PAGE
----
The traditional forest products, such as paper, packaging and viscose products, have their well-established place, but further efforts urgently need to be made to meet growing ecological demands, increasing economic pressure and to develop new technologies for utilisation of high performance materials. Nanocellulose applied in paper making suspensions and as water retention control aids may introduce additional strength properties in traditional products, and when considered for coatings may deliver oil and gas barrier properties as well as targeted liquid interactions based on surface energy criteria and designed pore and gel network structures. The properties increase the potential for their use in a broad range of novel products. The processes, firstly by which nanocellulose is both created, as part of cellulose structures in nature, and subsequently produced determine their aqueous suspension rheology and dewatering behaviour, and thus, by using knowledge of their rheological behaviour when utilised in complex suspensions, will support the creation of new controls in water-based production processes. The use of rheology for the characterisation of nanocellulose suspensions and their applications in a range of industries as diverse as the oil and papermaking industries has been the subject of numerous studies in recent years. Although many studies have been conducted relating to papermaking furnishes and their water suspensions while including nanocellulose containing materials, these rheological investigations were conducted independently from conditions of dynamic dewatering. For the first time, this work sets out to observe and try to overcome experimental difficulties related to rheometry and dynamic dewatering of high consistency viscoelastic gel-like nanocellulose suspensions using a variety of experimental techniques and methods. Once reliable rheological measurements were designed and the methodology established, the work goes on to analyse the possible structures attained by nanocellulose containing suspensions in combination with macroscopic fibres, pigments and fibril dispersing polymers, which traditionally are used as pigment flocculant water retention aids. These analyses are used to support and challenge the basic hypotheses of the thesis in relation to the impact these structures will have on properties such as process applicability, phase separation, substrate coverage, coating and material uniformity.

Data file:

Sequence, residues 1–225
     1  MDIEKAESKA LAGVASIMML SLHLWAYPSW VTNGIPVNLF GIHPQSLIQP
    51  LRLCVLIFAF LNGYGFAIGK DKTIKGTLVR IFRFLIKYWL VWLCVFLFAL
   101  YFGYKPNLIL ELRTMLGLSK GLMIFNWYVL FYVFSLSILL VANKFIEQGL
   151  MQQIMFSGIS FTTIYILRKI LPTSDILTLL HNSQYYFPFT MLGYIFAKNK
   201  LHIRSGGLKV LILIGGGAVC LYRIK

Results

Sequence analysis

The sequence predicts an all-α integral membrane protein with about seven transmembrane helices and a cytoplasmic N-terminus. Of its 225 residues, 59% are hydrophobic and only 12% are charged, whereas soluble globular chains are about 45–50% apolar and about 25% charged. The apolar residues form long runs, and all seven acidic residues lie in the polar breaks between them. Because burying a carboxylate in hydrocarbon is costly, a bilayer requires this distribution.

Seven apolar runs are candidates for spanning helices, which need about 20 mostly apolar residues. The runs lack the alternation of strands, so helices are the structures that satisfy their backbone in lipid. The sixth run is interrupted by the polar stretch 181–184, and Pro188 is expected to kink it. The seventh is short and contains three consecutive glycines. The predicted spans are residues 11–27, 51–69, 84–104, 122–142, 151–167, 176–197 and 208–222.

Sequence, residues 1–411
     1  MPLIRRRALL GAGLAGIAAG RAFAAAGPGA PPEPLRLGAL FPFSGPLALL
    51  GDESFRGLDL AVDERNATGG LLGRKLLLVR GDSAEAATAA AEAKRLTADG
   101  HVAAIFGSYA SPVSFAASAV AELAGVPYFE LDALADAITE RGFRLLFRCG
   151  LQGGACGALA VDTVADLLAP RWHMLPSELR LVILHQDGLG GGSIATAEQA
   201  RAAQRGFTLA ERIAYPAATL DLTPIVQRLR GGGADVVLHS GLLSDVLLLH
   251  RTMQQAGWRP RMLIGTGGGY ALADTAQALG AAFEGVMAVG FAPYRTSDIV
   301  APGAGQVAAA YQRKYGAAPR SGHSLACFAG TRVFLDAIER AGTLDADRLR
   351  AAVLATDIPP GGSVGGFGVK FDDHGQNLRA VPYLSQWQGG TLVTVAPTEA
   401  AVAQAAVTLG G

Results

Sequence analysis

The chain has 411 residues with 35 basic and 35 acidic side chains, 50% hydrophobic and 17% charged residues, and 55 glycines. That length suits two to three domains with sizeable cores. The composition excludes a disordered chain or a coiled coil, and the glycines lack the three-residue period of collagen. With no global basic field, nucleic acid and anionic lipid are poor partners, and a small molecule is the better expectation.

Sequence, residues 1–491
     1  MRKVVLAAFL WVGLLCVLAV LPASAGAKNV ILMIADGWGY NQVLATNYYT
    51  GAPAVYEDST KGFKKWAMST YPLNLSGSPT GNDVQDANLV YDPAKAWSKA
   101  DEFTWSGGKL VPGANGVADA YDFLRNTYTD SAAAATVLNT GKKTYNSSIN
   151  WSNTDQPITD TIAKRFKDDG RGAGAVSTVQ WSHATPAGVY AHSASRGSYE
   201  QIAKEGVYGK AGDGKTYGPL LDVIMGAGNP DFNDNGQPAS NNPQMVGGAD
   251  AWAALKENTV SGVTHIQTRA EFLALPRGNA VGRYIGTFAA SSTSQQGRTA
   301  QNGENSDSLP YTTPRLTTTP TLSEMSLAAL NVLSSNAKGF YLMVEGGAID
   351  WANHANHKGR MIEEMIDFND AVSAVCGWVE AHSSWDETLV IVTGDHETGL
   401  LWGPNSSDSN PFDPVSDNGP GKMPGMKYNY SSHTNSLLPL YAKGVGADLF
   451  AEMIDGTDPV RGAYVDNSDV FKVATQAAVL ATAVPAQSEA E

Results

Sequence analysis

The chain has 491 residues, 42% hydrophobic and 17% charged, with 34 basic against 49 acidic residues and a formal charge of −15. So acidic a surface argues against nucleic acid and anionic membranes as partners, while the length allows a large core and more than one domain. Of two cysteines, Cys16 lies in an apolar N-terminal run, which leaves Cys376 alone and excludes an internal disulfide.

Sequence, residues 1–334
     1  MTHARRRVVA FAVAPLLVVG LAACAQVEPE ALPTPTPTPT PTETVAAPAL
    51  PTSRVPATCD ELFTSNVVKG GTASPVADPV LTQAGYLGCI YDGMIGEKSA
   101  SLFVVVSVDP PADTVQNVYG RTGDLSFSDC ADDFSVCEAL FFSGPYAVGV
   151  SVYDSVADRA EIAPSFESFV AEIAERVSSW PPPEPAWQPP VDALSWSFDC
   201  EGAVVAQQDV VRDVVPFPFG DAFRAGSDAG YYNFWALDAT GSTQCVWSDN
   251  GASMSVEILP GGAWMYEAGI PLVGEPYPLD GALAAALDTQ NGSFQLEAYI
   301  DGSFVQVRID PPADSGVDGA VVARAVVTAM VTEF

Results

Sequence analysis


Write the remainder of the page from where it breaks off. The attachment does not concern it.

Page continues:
|Translated title of the contribution||Micro and nanofibrillated cellulose (MNFC) as additive in complex suspensions: influence on rheology and dewatering|
|Publication status||Published - 2014|
|MoE publication type||G5 Doctoral dissertation (article)|